the store and Chris, the chef, is incredible.

This time, blue and silver run throughout our space.

And, as always, grain sacks.

The metal shelving unit in the window (mixed with reflections of buildings and

cars) has perfect proportions and patina.

Blue is popular right now.  Nice for me, since it has always been my favorite

color.

More perfection, at least to my eye, in the finish on this Philadelphia workbench.

Sometimes, a table in natural wood is ok, especially if the legs are so beautiful !

This is the third blue cupboard with glass doors I have had here this month.

People must like glass doors right now as much as they like blue. Great food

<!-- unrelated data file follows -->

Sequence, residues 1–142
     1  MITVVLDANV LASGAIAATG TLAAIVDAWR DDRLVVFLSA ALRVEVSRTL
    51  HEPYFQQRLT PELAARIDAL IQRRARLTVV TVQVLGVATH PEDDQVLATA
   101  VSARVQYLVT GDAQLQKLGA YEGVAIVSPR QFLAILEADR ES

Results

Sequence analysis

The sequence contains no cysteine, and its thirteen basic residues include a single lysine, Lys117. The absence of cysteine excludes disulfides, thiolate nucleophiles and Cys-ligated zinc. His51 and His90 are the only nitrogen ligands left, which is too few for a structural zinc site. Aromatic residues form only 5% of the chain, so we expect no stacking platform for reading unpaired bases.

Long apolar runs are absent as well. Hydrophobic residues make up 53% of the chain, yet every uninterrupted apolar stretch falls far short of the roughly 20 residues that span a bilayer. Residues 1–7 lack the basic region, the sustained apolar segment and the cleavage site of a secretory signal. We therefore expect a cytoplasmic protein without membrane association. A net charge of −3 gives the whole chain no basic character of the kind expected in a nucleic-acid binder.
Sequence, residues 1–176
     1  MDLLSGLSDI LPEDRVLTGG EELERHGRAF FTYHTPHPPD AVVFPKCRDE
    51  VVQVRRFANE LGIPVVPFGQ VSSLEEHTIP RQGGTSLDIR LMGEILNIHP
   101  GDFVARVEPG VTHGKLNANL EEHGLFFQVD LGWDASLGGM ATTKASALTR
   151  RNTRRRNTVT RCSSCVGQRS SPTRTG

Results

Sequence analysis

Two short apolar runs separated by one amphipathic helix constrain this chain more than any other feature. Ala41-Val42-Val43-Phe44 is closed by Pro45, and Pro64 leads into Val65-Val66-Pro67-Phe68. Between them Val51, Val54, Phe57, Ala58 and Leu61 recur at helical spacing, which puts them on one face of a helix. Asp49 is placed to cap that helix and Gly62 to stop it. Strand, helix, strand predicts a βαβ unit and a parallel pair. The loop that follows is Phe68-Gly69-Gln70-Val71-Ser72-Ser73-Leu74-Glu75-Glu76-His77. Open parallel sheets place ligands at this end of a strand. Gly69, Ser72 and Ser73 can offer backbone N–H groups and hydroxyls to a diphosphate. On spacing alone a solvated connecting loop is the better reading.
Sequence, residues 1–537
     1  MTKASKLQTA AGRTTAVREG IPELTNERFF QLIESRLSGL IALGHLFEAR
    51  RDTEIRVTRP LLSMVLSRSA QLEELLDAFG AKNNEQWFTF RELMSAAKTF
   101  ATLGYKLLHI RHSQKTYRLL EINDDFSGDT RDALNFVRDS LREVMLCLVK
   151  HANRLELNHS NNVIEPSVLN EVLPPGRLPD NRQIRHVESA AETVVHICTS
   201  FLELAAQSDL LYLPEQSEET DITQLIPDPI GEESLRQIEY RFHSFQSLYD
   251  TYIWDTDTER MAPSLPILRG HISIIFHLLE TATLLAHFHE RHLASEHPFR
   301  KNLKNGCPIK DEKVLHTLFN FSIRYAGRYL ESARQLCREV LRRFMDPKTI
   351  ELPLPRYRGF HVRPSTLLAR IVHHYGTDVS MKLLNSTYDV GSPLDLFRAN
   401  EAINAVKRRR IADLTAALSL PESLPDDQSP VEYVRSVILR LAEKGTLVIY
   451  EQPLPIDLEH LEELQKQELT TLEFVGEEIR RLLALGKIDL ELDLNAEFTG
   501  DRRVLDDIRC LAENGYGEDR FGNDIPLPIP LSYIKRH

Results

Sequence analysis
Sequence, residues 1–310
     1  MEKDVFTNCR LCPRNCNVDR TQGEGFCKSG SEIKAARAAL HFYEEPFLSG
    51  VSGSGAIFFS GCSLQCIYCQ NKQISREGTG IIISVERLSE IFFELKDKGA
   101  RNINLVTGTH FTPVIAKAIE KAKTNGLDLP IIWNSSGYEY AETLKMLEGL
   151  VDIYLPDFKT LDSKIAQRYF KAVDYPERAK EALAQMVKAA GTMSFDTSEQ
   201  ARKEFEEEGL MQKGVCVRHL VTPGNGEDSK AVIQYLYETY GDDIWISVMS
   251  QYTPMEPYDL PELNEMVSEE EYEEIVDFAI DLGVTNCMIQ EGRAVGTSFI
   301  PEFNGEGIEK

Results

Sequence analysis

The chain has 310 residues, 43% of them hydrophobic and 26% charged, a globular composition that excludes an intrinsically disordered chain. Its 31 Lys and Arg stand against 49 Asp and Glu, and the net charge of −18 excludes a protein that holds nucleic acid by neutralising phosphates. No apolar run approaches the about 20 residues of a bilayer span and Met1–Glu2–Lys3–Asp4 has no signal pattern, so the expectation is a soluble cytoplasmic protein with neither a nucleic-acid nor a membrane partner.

and the blues. I can’t think of anything better…

(Hungry? Check it out at Hudson Supermarket or www.hudsonsupermarket.com).

What’s In Bournebrook ?

This 10′ work table (below) is among my top ten favorite factory pieces of all time.  It once

had straight legs.  Someone didn’t like it that way and cut them off.   I love the odd 

arangement of criss-cross legs and supports and the curved drawer fronts.

Mountains of old string-tied book remnants grace an otherwise-empty spot.

An 1800s French horse stall window hangs (crookedly, I see) over a counry store counter. 

As usual, grain sacks and grain sack upholstered furniture take pride of place. The old

rippled glass of the display case is so pretty that anything looks good inside it.

Jennifer Lanne’s paintings make everything look better, too!  See more of her paintings at

www.jenniferlanne.com .

 

Is it a cupboard or a big easel ?

So much stuff, so little room.

   

Walking sideways is always a must.

Visit Bournebrook  in Troy, New York or at www.bournebrook.com .

Amusing Myself With Patina